Hopes of Syria breakthrough gives markets a lift
AP and AFPLONDON/HONG KONG -- Hopes that a U.S.-led military strike on Syria may be avoided following Russia's call for Damascus to put its chemical weapons under international control gave stocks a big lift Tuesday as well as pushing oil prices lower for the second day running.
September 11, 2013, 12:11 am TWN
Over the past couple of weeks, the steady drumbeat to war had spooked investors and weighed on a number of financial assets, such as stocks, but underpinned oil prices.
However, on Monday, it appeared that an imminent strike was unlikely especially after President Barack Obama said Russia's proposal could potentially be “a significant breakthrough,” despite his skepticism that the Syrian government would follow through.
On Tuesday, hopes of a diplomatic breakthrough rose further after Russia's Foreign Minister Sergey Lavrov said his country was working with Syria to prepare a detailed plan of action, which will be presented shortly.
In Europe, the FTSE 100 index of leading British shares was up 0.8 percent at 6,582 while Germany's DAX rose 1.6 percent to 8,408. The CAC-40 in France was 1.4-percent higher, too, at 4,095.
Wall Street was poised for a solid opening too, with Dow futures up 0.4 percent and the broader S&P 500 futures 0.5 percent higher.
Developments surrounding Syria will likely remain the main point of interest across financial markets through the day especially as the scheduled economic news out of Europe and the U.S. remains light.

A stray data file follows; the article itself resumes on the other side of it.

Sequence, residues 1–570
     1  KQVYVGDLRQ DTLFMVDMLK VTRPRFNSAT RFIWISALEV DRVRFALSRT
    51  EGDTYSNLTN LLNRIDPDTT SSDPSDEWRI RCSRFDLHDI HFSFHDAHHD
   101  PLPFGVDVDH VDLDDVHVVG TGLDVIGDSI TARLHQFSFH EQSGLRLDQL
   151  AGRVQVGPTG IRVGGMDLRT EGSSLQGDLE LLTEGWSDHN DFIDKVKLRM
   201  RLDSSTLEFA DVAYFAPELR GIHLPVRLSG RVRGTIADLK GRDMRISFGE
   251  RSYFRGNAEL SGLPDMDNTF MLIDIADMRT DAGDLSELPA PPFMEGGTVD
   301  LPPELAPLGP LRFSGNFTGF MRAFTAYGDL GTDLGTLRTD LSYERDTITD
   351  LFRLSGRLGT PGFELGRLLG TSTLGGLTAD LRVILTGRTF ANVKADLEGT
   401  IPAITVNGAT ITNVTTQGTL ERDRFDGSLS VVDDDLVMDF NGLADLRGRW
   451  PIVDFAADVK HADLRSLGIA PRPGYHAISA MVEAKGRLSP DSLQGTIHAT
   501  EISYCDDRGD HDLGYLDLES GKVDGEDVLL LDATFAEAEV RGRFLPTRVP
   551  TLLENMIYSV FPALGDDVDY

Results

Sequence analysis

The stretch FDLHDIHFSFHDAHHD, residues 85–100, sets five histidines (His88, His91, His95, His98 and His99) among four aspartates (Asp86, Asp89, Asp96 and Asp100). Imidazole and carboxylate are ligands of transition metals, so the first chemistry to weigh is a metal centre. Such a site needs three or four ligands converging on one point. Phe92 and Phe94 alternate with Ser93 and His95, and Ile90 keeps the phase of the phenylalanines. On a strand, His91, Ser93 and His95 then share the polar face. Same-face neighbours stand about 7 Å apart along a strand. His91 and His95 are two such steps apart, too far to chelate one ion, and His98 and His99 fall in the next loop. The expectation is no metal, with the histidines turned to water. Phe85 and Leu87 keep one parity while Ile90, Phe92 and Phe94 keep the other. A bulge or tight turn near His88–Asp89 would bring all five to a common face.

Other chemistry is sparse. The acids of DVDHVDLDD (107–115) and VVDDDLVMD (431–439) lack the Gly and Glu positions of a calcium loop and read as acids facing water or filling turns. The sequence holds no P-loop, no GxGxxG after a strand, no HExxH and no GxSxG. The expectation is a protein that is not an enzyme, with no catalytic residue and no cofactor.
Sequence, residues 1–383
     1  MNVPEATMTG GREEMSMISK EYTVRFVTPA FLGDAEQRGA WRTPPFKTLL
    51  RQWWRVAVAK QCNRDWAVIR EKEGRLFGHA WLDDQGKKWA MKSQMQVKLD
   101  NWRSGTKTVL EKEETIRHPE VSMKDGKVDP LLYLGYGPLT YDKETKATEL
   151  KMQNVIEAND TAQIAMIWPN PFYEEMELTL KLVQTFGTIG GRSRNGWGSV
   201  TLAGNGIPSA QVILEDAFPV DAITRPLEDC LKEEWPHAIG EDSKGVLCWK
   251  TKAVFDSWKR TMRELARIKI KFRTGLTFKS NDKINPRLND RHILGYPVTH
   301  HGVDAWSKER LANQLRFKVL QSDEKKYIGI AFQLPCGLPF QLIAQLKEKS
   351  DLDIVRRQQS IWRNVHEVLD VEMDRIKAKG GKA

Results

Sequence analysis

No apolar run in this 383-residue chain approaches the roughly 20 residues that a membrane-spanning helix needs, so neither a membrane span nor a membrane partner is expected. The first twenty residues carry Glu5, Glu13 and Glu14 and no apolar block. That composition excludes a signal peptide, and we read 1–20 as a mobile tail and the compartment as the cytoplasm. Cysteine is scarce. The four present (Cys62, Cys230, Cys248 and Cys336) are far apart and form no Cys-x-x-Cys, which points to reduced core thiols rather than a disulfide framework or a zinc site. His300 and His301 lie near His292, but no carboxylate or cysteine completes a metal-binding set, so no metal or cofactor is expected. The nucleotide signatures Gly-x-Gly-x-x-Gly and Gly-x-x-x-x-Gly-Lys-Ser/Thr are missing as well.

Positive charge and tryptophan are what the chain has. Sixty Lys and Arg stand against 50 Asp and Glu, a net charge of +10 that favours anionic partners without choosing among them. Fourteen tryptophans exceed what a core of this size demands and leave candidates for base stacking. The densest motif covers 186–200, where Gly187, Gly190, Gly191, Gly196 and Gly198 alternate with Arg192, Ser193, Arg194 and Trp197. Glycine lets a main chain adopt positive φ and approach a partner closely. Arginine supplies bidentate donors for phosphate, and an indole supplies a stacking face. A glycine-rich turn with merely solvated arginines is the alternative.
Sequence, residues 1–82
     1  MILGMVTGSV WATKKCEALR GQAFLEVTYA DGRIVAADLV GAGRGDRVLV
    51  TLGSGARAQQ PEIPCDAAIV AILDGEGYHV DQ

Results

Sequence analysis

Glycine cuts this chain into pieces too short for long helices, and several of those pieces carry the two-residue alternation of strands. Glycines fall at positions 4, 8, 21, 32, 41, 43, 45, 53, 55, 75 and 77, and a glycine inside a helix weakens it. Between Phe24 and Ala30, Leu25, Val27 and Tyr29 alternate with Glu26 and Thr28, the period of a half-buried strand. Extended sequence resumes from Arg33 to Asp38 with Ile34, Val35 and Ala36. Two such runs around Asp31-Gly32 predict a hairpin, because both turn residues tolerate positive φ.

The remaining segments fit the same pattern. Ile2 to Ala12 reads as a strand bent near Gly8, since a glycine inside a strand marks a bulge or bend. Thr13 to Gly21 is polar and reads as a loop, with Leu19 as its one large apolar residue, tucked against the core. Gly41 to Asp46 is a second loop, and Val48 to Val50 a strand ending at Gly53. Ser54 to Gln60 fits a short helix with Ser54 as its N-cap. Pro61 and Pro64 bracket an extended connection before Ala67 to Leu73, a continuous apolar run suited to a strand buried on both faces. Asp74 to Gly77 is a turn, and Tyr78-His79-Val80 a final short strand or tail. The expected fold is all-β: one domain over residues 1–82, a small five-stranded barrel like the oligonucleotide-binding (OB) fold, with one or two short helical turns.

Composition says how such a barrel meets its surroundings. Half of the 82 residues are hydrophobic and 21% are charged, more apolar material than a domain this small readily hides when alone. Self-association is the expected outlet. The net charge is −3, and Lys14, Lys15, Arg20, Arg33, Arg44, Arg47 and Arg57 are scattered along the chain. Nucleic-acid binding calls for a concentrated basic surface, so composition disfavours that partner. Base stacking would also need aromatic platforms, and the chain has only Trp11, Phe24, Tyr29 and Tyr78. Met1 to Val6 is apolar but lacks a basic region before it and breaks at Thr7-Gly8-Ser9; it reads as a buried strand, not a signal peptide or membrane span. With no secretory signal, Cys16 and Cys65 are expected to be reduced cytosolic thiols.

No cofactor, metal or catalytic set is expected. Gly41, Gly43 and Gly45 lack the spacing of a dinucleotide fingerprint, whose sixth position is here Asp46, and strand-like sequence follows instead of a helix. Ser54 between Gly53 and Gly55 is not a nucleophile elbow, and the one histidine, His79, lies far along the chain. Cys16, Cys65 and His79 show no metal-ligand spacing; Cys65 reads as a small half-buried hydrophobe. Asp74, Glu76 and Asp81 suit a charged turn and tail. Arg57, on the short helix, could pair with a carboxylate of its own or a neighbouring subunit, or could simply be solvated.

Despite the euphoria evident in markets around the world Tuesday, risks remain. As well as monitoring developments over Syria, investors have a crucial meeting of the U.S. Federal Reserve looming. The central bank is widely expected to announce plans to start phasing out its support program for the U.S. economy following its meeting next week.
In Asia, markets extended gains on Tuesday, with investors buoyed by a string of upbeat global economic data as well as signs that a U.S.-led strike on Syria could be averted. Buying sentiment was also boosted by a rally on Wall Street, while Japanese traders were still on a high after Tokyo's successful bid to host the Olympic Games in 2020.
Tokyo was up 1.54 percent, or 218.13 points, at 14,423.36, adding to its 2.48-percent rise on Monday as Olympic-related firms enjoyed further buying.
Sydney advanced 0.38 percent, or 19.7 points, to close at 5,201.2, while Seoul added 0.98 percent, or 19.39 points, to 1,994.06.
Shanghai rose 1.15 percent, or 25.47 points, to 2,237.98, boosted by news that industrial production in China had expanded in August at its fastest rate in more than a year. Hong Kong climbed 0.99 percent, or 226.00 points to 22,976.65.
The gains follow strong trade figures Monday and add to recent results pointing to a pick-up in the world's number two economy and key driver of global growth.
Also Monday Japan said its economy expanded at a faster pace in the April-June quarter than originally estimated, fuelling hopes that years of anemic growth could be coming to an end.